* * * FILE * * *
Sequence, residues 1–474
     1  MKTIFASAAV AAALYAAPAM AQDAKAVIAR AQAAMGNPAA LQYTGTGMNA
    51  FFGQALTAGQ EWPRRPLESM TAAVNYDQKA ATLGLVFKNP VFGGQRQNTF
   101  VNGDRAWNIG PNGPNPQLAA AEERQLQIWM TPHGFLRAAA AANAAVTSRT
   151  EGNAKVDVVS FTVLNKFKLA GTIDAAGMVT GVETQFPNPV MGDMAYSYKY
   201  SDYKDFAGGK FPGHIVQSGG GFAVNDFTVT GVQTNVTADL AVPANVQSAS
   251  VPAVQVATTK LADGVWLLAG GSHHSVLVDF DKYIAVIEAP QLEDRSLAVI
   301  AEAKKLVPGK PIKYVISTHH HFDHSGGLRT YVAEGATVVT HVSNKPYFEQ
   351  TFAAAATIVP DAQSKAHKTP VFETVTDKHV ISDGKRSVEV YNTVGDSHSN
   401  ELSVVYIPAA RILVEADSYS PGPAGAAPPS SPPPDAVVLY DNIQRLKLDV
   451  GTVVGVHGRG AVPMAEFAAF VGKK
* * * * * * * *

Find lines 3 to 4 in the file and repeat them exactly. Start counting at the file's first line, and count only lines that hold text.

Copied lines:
    51  FFGQALTAGQ EWPRRPLESM TAAVNYDQKA ATLGLVFKNP VFGGQRQNTF
   101  VNGDRAWNIG PNGPNPQLAA AEERQLQIWM TPHGFLRAAA AANAAVTSRT